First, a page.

Bar review: Blue Butcher

Martyn Cornell


The Blue Fairy. Photo: Nora Tam
Hong Kong celebrities and expat bankers mingle in a dark, semi-industrial mixture of tiles, marble and wood dotted with occasional antique-shop finds, drinking an eclectic line-up of cocktails from master Nepalese mixologist Suraj Gurung. The downstairs bar is tiny, relieved slightly by a patio area. The upper-floor restaurant has the kitchen on view and a glass-walled meat store, where you can ask for your own virgin female Japanese beef steak to be aged for an extra six weeks until it, and you, are ready. The seats at the bar by the kitchen, where you can have a one-on-one with the chef, are the most in demand, or you can pay HK$10,000 for one of two private VIP dining areas, which seat up to eight people.

Absinthe makes the heart grow fonder, so they say - or was that absence? Anyway, order the house special Blue Fairy cocktail - it's HK$695 for four to six people and is made with absinthe, London dry gin, blue curacao, Lillet Blanc, and lemon juice, served from an antique French glass spirits fountain supported by a silver fairy. Other cocktails, all from HK$110 to HK$125, include the Pig's Blood Martini, a mix of vodka, beet juice and orange, and the Pork Chop and Apple Sauce, made with bacon-washed Scotch, apple schnapps and apple jam. Draught beers are from the American craft brewery Rogue, while bottled beers are mostly American micros. The only lager is Coney Island's Rye Pilsner.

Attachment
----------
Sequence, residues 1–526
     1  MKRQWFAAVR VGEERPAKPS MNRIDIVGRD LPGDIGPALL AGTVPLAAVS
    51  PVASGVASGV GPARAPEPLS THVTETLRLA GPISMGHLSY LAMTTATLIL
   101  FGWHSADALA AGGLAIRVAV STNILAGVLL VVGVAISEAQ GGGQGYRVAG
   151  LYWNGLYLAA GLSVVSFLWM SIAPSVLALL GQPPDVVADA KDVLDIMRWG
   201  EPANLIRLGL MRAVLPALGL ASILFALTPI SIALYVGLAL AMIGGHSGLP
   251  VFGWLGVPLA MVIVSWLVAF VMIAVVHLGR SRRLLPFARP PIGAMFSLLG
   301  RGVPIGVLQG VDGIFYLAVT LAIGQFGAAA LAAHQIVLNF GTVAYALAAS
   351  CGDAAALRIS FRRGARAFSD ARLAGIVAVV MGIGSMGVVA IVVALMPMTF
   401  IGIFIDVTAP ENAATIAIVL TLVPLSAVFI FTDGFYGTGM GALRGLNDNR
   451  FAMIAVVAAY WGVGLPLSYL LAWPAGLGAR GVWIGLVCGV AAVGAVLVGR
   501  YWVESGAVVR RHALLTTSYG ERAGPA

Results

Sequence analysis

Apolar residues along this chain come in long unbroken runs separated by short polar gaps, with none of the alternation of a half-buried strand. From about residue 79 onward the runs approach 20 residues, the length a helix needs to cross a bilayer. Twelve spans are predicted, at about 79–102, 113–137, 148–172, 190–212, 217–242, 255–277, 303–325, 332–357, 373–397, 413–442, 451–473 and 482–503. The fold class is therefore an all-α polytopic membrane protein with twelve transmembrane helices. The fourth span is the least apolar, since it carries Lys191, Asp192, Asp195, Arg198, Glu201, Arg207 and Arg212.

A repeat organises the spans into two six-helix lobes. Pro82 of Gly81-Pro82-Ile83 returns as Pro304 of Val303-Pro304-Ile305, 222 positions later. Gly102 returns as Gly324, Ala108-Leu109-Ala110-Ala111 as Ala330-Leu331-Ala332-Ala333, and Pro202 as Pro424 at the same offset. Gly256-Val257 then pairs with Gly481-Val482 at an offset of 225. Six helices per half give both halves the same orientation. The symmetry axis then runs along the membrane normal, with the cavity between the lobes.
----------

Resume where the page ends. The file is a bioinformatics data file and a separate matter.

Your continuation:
Blue Butcher specialises in beef that's dry-aged in-house. Sunday brunch is from noon to 3pm, and costs HK$390 per person (add HK$180 for free-flow Prosecco, or HK$280 for Veuve Cliquot), including a cold buffet, a foie gras station and main courses, such as poached eggs and ham, Wagyu beef burgers, and dessert.